Plague dolls, circa 1895. Hong Kong Museum of Medical Science.

Plague dolls, circa 1895. Hong Kong Museum of Medical Science.

All that said, the idea of personal branding is pronounced. And it exists not just in commodity purchases, but in behavior and the construction of values and morality. The compulsive consumerism in the lives of the poor is a reality, and increasingly it is shaped by marketing campaigns directed at people that logically can’t afford the product. But that is because part of the marketing is seeking validation from the poor. ‘Street cred’ and all manner of appropriation of underclass style occupies ever larger chunks of brand research.

The focus on rugged individualism, self made men (sic) at the same time erodes narratives of solidarity and cooperation. Hollywood has never developed narratives of cooperation unless during war, and even then its a secondary theme. But this begs other questions about narrative, and the legacies of 18th and 19th century novels. For this was the formation of the bourgeois identity. I often think too much is made of this because there are other factors at work and because its a highly complex question, but certainly the trope of individuality was foregrounded by the mid 18th century.

Jeffrey Smart

Jeffrey Smart

The idea of the narrator’s voice, links to reification and to how that voice is shaped by branding and consumerism, and then thirdly, is linked to theory, to thought. To philosophy. All these words are now so abused that it is actually difficult, increasingly, to use any of them. The absolutely pernicious influence of academic practice in theory and criticism and philosophy is systemic, and far reaching.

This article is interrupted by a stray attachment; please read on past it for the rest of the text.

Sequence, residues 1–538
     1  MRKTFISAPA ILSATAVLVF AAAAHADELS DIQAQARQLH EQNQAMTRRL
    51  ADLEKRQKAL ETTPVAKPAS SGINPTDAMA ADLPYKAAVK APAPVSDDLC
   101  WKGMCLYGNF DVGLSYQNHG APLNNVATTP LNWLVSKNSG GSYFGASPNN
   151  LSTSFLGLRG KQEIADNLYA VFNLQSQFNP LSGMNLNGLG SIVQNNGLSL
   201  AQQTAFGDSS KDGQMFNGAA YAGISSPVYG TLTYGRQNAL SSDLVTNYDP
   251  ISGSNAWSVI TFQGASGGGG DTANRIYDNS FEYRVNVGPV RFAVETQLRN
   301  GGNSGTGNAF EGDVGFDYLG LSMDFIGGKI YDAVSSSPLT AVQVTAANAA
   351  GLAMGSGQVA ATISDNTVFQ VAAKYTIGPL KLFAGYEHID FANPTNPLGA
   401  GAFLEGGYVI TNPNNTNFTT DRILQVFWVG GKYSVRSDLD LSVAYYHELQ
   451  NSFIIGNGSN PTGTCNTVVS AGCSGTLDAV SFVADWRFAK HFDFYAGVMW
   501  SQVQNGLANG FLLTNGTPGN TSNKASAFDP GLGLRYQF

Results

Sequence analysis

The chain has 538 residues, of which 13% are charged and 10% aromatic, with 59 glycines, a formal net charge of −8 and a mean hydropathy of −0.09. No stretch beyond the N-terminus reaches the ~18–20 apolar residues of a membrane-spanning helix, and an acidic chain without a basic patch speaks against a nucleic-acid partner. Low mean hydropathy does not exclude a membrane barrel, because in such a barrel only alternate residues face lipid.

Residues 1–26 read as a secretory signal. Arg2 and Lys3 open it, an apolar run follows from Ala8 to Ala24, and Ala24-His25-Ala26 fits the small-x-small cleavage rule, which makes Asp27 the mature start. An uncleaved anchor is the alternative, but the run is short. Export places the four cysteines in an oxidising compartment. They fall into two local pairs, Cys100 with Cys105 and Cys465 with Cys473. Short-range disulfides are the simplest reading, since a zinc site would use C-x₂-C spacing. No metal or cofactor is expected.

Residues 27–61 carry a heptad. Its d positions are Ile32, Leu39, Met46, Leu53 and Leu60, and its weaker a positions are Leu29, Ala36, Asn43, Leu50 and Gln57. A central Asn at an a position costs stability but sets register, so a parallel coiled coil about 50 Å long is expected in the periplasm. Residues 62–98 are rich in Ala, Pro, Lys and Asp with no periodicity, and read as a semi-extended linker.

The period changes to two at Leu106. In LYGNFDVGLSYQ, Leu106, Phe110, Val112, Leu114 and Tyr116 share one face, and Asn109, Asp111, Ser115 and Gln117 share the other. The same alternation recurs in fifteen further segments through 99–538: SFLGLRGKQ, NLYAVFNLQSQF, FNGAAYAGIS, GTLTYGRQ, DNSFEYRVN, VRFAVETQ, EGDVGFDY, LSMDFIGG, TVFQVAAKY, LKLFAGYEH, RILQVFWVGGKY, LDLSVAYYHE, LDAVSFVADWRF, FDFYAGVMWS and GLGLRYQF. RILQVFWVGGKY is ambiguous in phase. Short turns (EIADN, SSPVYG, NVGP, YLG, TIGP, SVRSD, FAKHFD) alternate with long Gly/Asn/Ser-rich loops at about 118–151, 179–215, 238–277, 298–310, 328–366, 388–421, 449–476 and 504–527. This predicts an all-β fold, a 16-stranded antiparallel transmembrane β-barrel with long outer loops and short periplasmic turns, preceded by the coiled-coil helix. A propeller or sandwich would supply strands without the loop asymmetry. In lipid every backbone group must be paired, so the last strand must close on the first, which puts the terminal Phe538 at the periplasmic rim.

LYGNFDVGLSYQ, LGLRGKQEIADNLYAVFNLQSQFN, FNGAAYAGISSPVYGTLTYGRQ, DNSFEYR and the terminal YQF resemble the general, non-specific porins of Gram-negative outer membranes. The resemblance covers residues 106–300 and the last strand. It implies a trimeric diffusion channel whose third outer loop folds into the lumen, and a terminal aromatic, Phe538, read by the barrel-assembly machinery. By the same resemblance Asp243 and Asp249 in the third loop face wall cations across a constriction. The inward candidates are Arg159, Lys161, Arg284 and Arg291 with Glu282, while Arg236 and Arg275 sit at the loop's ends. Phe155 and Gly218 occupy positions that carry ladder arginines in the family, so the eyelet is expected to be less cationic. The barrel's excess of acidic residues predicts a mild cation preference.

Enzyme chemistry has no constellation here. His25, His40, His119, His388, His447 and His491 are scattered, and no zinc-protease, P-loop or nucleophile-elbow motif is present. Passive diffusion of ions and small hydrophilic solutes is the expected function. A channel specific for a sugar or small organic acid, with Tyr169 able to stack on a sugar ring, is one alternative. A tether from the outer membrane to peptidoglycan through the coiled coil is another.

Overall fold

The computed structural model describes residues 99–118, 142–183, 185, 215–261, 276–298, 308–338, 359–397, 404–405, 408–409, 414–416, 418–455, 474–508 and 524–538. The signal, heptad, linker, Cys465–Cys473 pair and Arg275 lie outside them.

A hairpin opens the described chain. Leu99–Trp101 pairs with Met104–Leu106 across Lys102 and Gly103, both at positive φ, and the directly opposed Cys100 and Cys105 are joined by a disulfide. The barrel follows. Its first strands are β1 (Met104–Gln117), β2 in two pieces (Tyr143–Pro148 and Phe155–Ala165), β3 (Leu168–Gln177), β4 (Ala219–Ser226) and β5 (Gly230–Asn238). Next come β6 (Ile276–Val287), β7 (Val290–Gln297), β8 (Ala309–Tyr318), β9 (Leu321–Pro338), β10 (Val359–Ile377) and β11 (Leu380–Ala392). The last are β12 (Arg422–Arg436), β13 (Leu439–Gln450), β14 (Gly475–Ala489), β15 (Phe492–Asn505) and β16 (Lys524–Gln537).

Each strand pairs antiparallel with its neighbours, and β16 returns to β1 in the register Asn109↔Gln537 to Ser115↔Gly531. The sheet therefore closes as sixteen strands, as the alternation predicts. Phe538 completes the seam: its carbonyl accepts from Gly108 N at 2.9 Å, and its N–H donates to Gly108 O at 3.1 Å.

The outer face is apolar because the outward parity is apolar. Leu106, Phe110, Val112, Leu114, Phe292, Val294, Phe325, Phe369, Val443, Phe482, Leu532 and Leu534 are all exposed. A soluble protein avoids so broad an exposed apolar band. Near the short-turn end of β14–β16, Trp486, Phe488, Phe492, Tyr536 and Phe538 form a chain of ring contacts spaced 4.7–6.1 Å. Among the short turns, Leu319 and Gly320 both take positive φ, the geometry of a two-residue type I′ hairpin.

I will return to that in a moment, but the other issue I wanted to touch on here, for it is related as well, is the disappearance of storytelling. Having watched this week almost a dozen “indie” films from the last two years, one thing leaps out as a common denominator…and that is an absence of writing. Some of these films had ideas, in a generalized sort of way, some were visually intelligent, but in none of them, including the single one I thought had value, was there any actual writing. Nobody spoke much, and when they did, they said very little. And it wasn’t the manner of saying little, of expressing ideas through inarticulate characters, it was simply, I think, the inability to write. And this inability, as often happens, becomes a sort of faux virtue under cover of ‘style’. When playwrights such as Franz Xavier Kroetz write characters who say little, who are profoundly inarticulate, he is ‘saying’ a good deal through a very sophisticated theatrical vision. When independent (sic) directors remove dialogue, there is a pretense to the Chiat Day style code, to that arch loss of affect that serves as both comedy and mock tragedy, and making empty seem like existential profundity. There is empty and there is empty, and these were “empty”. Allow me a brief digression here; this blunted affect or diminished affect is usually associated with either schizophrenia, Aspergers, or anti social personality disorder. All are linked to issues of empathy. I just find it intriguing that a symptom for the loss of ability to both read and express empathy has now been absorbed into performance and narrative to such a degree. An interesting side bar to this is a paper edited by Iqbal Ahmed, M.D. of the A.P.A., who said that Mexican American, and middle eastern minorities in the U.S. diagnosed with schizophrenia showed far less blunt affect or flat affect than white Americans. In cultural expressions the result of the ‘new empty’ is that the actual narrative, the storyline in almost all of these films, suffers, becomes generalized, homogenized. The best, Kelly Richardt’s Night Moves (not to be confused with the great Arthur Penn film) at least captures a sense of the suffocating isolation of a generation on the margins who cannot find words to express their anger.